The automotive industry is a now a global one.
Gone are the days when your American car supported only a horde of American workers spread out across rail lines all terminating in the factories of Michigan and the upper Midwest and nothing that went into your American car was produced overseas. Parts for your American car are made all over the world and parts of a foreign car can be made all over the US!
Buick sells and builds cars in China and builds some in Germany, too. General Motors, perhaps one the most American of brands in popular culture, has imported Australian-built Holdens from Australia and sold them here as Chevys and Pontiacs. Chevy sells a Korean-built Daewoo Matiz here in the US as a Chevy Spark. Ford used to build the Crown Vic, the iconic cop car that we’re all conditioned to hit the brake pedal for, in Canada. The latest version of the Ford Escape is a Ford-Europe Kuga, with small changes needed for the US market. (Safety regulations are slightly different, as are rules about where brakes lights can be and so on.)
Acura, Honda, and Toyota all build some of their best American sellers here in the US.
Chrysler is partially owned by Fiat, an Italian company who also owns Maserati and Alfa Romeo, among others. Mercedes builds cars in Alabama for the American market and BMW builds a few of their cars in South Carolina. Volkswagen, part of the Volkswagen-Audi Group, who also owns Lamborghini and Bugatti, builds the American-market version of Jetta in Mexico. (Which is a different Jetta than the Jetta sold in Germany.)
As you can see, while you’re supporting an American car company if you buy an “American” car brand, you’re also very likely supporting overseas workers, both in final assembly (like of the Buick Regal X or the Buick Envision) and in foreign suppliers (even back in the dark 1990s, my Dodge Grand Caravan, built at the St Louis Assembly plant, had a Mitsubishi distributor, because the engines were sourced from Mitsubishi).
And if you feel you must avoid buying that Subaru Outback or that Mercedes C300 because they are not American, well, the over 4600 people employed in central Indiana bolting together Subarus and the 3700 or so employed in Alabama at Mercedes Benz- US International wish you’d reconsider, as do all the Americans building Hondas, Toyotas, and BMWs here in the US!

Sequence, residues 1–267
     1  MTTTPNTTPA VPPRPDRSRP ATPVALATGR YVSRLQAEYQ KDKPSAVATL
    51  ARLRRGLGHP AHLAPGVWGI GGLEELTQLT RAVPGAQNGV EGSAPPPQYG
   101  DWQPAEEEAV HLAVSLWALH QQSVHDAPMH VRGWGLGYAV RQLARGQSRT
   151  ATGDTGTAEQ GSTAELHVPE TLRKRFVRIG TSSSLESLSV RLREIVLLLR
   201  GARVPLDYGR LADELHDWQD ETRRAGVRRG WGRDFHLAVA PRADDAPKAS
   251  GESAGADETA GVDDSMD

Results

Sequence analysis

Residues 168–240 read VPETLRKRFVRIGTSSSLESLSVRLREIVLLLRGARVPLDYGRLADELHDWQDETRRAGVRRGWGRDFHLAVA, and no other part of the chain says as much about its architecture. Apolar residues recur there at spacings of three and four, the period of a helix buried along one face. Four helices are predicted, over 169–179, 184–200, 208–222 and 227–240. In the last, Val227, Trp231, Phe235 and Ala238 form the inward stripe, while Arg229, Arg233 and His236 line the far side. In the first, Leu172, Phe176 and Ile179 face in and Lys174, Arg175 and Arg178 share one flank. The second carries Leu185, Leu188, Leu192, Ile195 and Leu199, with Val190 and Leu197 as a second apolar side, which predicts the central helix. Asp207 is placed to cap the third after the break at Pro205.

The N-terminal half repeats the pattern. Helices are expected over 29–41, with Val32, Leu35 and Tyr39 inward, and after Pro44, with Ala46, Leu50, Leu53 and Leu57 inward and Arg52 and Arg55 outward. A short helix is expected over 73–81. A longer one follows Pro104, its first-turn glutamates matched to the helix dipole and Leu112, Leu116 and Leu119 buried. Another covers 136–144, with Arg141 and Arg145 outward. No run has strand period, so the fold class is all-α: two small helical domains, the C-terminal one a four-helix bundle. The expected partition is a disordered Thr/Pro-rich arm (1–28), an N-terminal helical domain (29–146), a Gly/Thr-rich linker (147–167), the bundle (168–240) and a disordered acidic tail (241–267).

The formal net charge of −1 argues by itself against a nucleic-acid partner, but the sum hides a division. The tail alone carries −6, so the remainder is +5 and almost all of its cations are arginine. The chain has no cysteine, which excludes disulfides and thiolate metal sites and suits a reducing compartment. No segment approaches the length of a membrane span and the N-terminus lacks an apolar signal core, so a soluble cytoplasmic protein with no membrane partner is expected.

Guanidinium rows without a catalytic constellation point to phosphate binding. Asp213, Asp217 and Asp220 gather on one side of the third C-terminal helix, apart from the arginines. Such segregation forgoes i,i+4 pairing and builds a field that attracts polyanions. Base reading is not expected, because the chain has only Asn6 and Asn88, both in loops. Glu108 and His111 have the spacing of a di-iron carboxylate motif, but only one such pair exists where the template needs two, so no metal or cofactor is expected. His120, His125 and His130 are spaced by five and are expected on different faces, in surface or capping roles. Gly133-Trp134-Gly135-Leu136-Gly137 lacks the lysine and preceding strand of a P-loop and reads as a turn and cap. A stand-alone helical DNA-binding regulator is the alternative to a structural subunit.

Certainly, “buying American” will offer the most benefit to your own country’s economy, but rest assured: if a non-American car is the right fit for your family, you’re still making a difference! (But remember, that all-American Jeep you want? It’s… well, it’s complicated.)
Automakers are global companies, with global reach, and global effect on the world’s economies. At this point, in 2018, you’d be hard pressed to find a car sold in the US which is causing direct harm to the American manufacturing, supplier, or raw materials markets, even if the car itself isn’t “American.” At the very least, you’re supporting a local, very likely family-owned, business!
To sum up, I encourage you to keep an open mind while you shop for your next car! What was true even a few years ago has probably changed. There are many “automotive maxims” floating around in popular culture that are just plain out of date or wrong. Not all American cars are the best. (The Chrysler 200 made Consumer Reports Worst Cars list.) Or the worst. (The Chevy Impala is a CR top pick!) Not all non-American cars are “hard to work on” and gone are the days when your little Japanese import required metric tools, which your local grease monkey didn’t have. (Nowadays, your American car requires metric tools, too!)
To aid in your shopping (and maybe blow your mind a little, if this is an issue you care about a lot) here’s a link to the most American Made cars from last year. Spoiler: #2 is a Honda!